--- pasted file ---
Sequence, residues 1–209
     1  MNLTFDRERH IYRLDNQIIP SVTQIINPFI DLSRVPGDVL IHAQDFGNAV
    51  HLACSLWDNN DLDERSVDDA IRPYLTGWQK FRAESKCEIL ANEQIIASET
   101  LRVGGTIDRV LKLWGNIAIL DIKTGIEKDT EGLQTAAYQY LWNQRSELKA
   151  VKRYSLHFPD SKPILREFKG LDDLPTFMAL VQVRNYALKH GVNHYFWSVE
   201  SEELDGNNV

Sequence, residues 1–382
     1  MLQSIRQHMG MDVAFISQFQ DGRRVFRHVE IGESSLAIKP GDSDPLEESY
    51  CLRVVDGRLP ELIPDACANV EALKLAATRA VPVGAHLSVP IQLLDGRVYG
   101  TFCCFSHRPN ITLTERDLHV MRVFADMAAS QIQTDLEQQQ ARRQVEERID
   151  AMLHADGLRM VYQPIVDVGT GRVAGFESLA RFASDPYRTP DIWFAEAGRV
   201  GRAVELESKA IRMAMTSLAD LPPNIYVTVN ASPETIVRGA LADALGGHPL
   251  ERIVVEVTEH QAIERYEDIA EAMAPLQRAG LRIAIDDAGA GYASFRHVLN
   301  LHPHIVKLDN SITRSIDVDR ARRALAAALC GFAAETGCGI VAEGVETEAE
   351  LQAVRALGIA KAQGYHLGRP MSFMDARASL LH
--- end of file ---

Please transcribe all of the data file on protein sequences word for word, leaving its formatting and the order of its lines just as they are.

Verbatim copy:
Sequence, residues 1–209
     1  MNLTFDRERH IYRLDNQIIP SVTQIINPFI DLSRVPGDVL IHAQDFGNAV
    51  HLACSLWDNN DLDERSVDDA IRPYLTGWQK FRAESKCEIL ANEQIIASET
   101  LRVGGTIDRV LKLWGNIAIL DIKTGIEKDT EGLQTAAYQY LWNQRSELKA
   151  VKRYSLHFPD SKPILREFKG LDDLPTFMAL VQVRNYALKH GVNHYFWSVE
   201  SEELDGNNV

Sequence, residues 1–382
     1  MLQSIRQHMG MDVAFISQFQ DGRRVFRHVE IGESSLAIKP GDSDPLEESY
    51  CLRVVDGRLP ELIPDACANV EALKLAATRA VPVGAHLSVP IQLLDGRVYG
   101  TFCCFSHRPN ITLTERDLHV MRVFADMAAS QIQTDLEQQQ ARRQVEERID
   151  AMLHADGLRM VYQPIVDVGT GRVAGFESLA RFASDPYRTP DIWFAEAGRV
   201  GRAVELESKA IRMAMTSLAD LPPNIYVTVN ASPETIVRGA LADALGGHPL
   251  ERIVVEVTEH QAIERYEDIA EAMAPLQRAG LRIAIDDAGA GYASFRHVLN
   301  LHPHIVKLDN SITRSIDVDR ARRALAAALC GFAAETGCGI VAEGVETEAE
   351  LQAVRALGIA KAQGYHLGRP MSFMDARASL LH